Carolina pitching staff stays strong

During the Tar Heels' march to the College World Series a year ago, Mike Fox calmly said Carolina's pitching would be just fine when eventual first-round draft choices Andrew Miller and Daniel Bard left for Major League Baseball.
Sure enough, as the Tar Heels break for exams this week with a 37-10 overall record, 16-8 in the Atlantic Coast Conference, Carolina's team earned run average is 2.94. And that is without the two marquee arms that led the club last season.
Stop and think about that for a minute. If you know baseball and the effect aluminum bats have on the game, you'll understand an ERA under three at this point of the season is nothing short of remarkable.
Even the best pitcher in the country a year ago, UNC's Miller, would give up an occasional bloop hit because he tried to jam a hitter and the batter managed to put the ball in play off the handle; whereas, a wooden bat would have broken on the same pitch.
"We're OK," said Coach Mike Fox, who is in his ninth season at his alma mater. "Our pitching has been terrific. You look at our numbers, compared to this time last year, just on paper, our numbers are better. We've been fortunate.
"We've had some guys really step up and fill some big voids for us. Matt Danford has had a terrific season. Rob Wooten has just come on. It's been really fun to watch those kids who have kind of been in the shadows and background in the past get an opportunity to step up when it's their time and get things done. It's been fun to watch."
Last season, the ACC placed four teams in the College World Series, and UNC was the one to play for the national championship. Carolina got to within half a game from the title, too, before it lost the lead and the momentum in the series against Oregon State.
Nonetheless, the experience has helped this team, which has managed to stay ranked the near top of the polls throughout the season.
This past weekend, Carolina went to Raleigh and N.C. State hammered the Tar Heels 11-1 in the first of a three-game series. Fox used the program's new elite status to motivate his kids to come back and take the next two from the Wolfpack.
"We've got our program in the position where we've all wanted it," Fox said. "There are people who say, 'Oh, gosh, you dropped from two to sixth in the polls, or three to seven.' We're like: 'This is pretty good. Three years ago we were just trying to get into the top 20.'
"That comes with it. And we've talked about, 'Let's don't shy away from that. This is where we wanted the program. And this is why you guys have worked so hard. When you get into that situation, you have to relish it. You have to meet all those obligations. That is part of what we have to do.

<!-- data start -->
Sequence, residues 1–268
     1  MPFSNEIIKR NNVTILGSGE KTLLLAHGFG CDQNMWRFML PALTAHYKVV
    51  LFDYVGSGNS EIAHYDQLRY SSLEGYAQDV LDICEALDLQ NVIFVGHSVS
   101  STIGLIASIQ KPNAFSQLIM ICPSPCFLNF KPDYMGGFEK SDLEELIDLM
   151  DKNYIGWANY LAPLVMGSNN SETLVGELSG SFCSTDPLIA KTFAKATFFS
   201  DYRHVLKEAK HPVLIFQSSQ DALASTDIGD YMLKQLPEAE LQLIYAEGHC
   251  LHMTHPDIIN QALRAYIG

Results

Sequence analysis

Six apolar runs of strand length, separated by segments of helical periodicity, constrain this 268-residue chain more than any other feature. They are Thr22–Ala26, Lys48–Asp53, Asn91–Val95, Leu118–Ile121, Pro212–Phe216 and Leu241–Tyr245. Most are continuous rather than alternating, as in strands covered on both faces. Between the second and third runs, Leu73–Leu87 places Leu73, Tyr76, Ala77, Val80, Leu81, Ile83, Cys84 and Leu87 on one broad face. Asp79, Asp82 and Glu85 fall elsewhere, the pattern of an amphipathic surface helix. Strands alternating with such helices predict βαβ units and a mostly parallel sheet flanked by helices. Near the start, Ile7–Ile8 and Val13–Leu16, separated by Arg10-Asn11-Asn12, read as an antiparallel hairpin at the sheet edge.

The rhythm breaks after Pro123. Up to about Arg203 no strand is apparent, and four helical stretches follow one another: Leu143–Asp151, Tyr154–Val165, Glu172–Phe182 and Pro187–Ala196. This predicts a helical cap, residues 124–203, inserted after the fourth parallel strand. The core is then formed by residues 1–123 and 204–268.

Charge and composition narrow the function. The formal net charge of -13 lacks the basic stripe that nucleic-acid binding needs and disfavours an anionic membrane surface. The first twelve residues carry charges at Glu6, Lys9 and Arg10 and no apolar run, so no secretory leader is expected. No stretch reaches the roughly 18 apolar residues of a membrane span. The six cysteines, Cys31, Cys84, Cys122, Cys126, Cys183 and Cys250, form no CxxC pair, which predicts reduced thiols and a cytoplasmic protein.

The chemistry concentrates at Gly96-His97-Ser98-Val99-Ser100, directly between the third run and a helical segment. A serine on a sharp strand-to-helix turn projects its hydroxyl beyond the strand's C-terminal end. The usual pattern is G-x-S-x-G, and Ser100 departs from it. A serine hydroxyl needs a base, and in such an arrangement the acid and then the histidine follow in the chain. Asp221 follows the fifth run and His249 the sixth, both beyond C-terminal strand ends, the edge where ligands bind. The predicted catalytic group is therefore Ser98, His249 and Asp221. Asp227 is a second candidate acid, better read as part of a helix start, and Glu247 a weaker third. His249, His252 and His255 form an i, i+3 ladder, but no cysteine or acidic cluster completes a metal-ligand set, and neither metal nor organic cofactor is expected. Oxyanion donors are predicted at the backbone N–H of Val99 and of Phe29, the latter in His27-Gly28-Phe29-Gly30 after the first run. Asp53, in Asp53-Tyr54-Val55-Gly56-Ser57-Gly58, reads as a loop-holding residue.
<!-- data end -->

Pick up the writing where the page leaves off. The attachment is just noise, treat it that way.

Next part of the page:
"We challenged them with that on Friday: 'Let's don't back down to anyone. People expect us to be there at the end, and that is where we want to be.' I think last year helps with those kinds of challenges."
The veterans who returned, kids such as shortstop Josh Horton, infielder/outfielder Reid Fronk, catcher, pitcher and first baseman Tim Federowicz, outfielder Seth Williams, pitcher Andrew Carignan and pitcher Robert Woodard, have performed as expected for the most part.
Carolina has also received a huge contribution from two rookies. Freshman first baseman Dustin Ackley and freshman pitcher Alex White have played with the poise and execution of veterans. Ackley leads the team in hitting with a .441 batting average. He's tied for the lead in home runs with six, has a team-high 53 runs batted in, and he needs just 10 hits to move into UNC's top 10 in single-season hits.
"He's a special talent," Fox said of Ackley. "He has a great swing. He has great balance and great vision. He has a great temperament. His makeup as a player is off the chart. He's very calm. He doesn't get too excited one way or the other.
"He's been taught very well. His dad played minor-league baseball for eight years. He signed out of high school. This kid knows how to play the game. He's kind of the equivalent of a gym rat in basketball. He is eat up with the game. He loves it. He's pretty special."
Fox knew White would be a contributor and probably an eventual star.
The right-handed pitcher has a 3.34 ERA and is 4-3 on the season. He pitched the second game of the series against N.C. State and struck out a career-high 11 batters in the Tar Heels' 9-3 victory against the Wolfpack.
His main pitches are a fastball and slider, but he will occasionally throw a changeup. The Los Angeles Dodgers drafted him in the 14th round last June.
"Everybody knew Alex had a chance to be pretty good," Fox said. "That's why he was a draft pick, and everybody was on him last year. He's a big-time competitor. He's got a great arm, but he has got some heart and some toughness to him that I think has made him even better."
Carolina's first game after exams will be Tuesday at Elon. They then travel to East Carolina on the May 9 and return home for a big conference series, which begins on May 11 against Georgia Tech at 7 p.m.